Anyone reading comments in online spaces is often confronted with a collective cultural loss of empathy. This profound loss is directly related to the inability to imagine the life and circumstances of the other. Our malnourished capacity for empathy is connected to an equally malnourished imagination. In order to truly love and welcome others, we need to exercise our imaginations, to see our neighbors more as God sees them than as confined by our own inadequate and ungracious labels. We need stories that can convict us about our own sins of omission or commission, enabling us to see the beautiful, complex world of our neighbors as we look beyond ourselves.
In this book, Mary McCampbell looks at how narrative art—whether literature, film, television, or popular music—expands our imaginations and, in so doing, emboldens our ability to love our neighbors as ourselves. The prophetic artists in these pages—Graham Greene, Toni Morrison, and Flannery O'Connor among them--show through the form and content of their narrative craft that in order to love, we must be able to effectively imagine the lives of others. But even though we have these rich opportunities to grow emotionally and spiritually, we have been culturally trained as consumers to treat our practice of reading, watching, and listening as mere acts of consumption.
McCampbell instead insists that truly engaging with artists who have the prophetic capacity to create art that wakes us up can jolt us from our typically self-concerned spiritual stupors. She focuses on narrative art as a means of embodiment and an invitation to participation, hospitality, and empathy. Reading, seeing, or listening to the story of someone seemingly different from us can awaken us to the very real spiritual similarities between human beings. The intentionality that it takes to surrender a bit of our own default self-centeredness is an act of spiritual formation. Imagining Our Neighbors as Ourselves presents a journey through initial self-reflection to a richer, more compassionate look outward, as narrative empowers us to exercise our imaginations for the sake of expanding our capacity for empathy.
Invisibility persists throughout the Asian American story. On the one hand, xenophobia has long contributed to racism and discrimination toward Asian Americans. On the other hand, terms such as perpetual foreigner and honorific whites have been thrust upon Asian Americans, minimizing their plight with racism and erasing their experience as racial minorities. Even more indiscernible in America's racial landscape are Asian American women. The compounded effects of a patriarchal Asian culture and a marginalizing American culture are formidable, steadily removing the recognition of these women's lives, voices, and agency.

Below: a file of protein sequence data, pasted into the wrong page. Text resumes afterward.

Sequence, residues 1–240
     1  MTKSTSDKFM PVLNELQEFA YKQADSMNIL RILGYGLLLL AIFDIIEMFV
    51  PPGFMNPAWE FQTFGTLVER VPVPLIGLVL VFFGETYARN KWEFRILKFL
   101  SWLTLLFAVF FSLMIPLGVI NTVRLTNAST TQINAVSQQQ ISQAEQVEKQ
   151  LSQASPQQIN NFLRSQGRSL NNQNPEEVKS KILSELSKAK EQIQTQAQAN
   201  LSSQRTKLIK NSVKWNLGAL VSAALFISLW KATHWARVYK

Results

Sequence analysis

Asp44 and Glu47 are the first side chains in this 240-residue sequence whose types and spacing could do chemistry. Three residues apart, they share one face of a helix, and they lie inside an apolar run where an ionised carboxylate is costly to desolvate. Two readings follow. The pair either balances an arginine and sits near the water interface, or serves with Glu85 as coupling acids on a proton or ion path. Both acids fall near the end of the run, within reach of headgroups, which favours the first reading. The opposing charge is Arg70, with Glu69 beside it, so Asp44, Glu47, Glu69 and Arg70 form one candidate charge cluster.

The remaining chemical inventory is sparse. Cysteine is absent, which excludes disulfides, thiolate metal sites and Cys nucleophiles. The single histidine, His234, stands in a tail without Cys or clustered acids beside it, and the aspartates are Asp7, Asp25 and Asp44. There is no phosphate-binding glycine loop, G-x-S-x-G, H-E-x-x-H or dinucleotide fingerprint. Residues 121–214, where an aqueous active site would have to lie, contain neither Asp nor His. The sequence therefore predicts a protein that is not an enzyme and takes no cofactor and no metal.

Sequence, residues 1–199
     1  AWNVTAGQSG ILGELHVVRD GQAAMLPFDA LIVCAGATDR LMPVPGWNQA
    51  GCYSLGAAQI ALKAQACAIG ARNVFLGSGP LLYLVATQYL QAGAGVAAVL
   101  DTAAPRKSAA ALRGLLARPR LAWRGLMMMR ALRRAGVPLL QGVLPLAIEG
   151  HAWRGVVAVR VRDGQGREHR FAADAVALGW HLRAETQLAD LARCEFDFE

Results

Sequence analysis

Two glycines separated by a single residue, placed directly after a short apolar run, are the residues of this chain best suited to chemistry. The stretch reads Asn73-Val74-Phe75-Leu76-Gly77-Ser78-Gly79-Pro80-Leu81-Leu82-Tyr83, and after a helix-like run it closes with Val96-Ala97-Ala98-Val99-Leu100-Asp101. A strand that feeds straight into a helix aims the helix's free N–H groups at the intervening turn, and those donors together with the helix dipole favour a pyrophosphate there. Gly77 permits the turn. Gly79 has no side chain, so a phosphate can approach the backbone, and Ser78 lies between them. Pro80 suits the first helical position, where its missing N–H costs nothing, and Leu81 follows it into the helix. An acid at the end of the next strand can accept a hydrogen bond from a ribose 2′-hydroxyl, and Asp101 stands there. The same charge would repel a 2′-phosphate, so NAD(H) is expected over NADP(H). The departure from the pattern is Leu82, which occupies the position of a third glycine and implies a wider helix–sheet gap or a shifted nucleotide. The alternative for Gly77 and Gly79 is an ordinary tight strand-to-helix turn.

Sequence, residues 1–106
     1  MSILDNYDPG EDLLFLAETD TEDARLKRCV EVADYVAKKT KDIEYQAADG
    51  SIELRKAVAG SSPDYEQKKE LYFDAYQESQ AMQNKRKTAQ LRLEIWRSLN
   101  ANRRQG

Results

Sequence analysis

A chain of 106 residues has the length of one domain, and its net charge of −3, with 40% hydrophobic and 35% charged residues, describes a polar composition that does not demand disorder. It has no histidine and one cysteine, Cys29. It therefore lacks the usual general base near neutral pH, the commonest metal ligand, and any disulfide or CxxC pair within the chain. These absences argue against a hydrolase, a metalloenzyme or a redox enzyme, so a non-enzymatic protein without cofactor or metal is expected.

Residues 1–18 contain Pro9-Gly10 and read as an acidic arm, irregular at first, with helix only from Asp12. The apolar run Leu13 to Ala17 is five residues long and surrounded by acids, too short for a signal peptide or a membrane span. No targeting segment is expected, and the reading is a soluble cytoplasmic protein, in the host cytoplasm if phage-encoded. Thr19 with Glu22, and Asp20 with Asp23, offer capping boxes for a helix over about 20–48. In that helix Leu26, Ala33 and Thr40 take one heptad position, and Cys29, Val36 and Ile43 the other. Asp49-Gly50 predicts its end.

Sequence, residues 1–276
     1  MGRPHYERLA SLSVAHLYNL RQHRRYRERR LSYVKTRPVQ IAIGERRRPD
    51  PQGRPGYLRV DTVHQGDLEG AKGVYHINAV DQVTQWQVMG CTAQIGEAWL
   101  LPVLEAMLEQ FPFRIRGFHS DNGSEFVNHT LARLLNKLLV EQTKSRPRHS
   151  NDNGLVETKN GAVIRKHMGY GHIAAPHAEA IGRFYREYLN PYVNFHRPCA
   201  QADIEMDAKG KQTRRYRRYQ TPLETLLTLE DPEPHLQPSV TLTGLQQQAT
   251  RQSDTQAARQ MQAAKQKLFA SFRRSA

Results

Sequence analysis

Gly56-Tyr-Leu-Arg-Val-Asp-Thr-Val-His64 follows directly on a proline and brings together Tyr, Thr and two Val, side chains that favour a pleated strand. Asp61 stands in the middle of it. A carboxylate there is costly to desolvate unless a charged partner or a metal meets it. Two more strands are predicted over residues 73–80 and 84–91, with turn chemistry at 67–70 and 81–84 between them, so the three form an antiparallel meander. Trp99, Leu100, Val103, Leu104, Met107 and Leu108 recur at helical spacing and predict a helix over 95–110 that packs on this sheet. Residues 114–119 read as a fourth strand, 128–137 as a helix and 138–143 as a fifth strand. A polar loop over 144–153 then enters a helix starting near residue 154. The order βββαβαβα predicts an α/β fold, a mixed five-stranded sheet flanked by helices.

Invisibility is not only a racial and cultural issue, but also a profound spiritual issue. The Western church—and its theology—has historically obscured the concerns of Asian Americans. The Asian American church relegates women to domestic, supportive roles meant to uplift male leaders.
In Invisible, Grace Ji-Sun Kim examines encounters with racism, sexism, and xenophobia as she works toward ending Asian American women's invisibility. She deploys biblical, sociological, and theological narratives to empower the voices of Asian American women. And she shares the story of her heritage, her family history, her immigration, and her own experience as an Asian American woman. Speaking with the weight of her narrative, she proclaims that the histories, experiences, and voices of Asian American women must be rescued from obscurity. Speaking with the weight of a theologian, she powerfully paves the way for a theology of visibility that honors the voice and identity of these women. As Asian American women work toward a theology of visibility, they uplift the voiceless and empower the invisible, moving beyond experiences of oppression and toward claiming their space in the kin-dom of God.
Grace Ji-Sun Kim
Spirit Life centers on the Spirit as an avenue for better understanding God and reconciling with our faith. The Spirit is present in the Old Testament as ruach and in the New Testament as pneuma. When the field of theology was prominently German-led, theologians used the word geist to talk about the spirit. As an Asian-American theologian existing in the liminality between multiple cultural spheres, Kim finds it necessary to retrieve and disseminate Asian words and religious symbols into the mainstream discourse to revolutionize the accessibility and global understanding of God today. One important Asian concept is chi, translated as wind, breath, spirit, energy, much like ruach, pneuma, and geist. Chi is a fitting term for coming to know God as the Spirit as it effectively conveys God's presence in the world. As such, we can move toward a nondualistic theology that provides an abundant space for everyone, including the marginalized and the subordinated, paving a path toward liberation and radical demarginalization.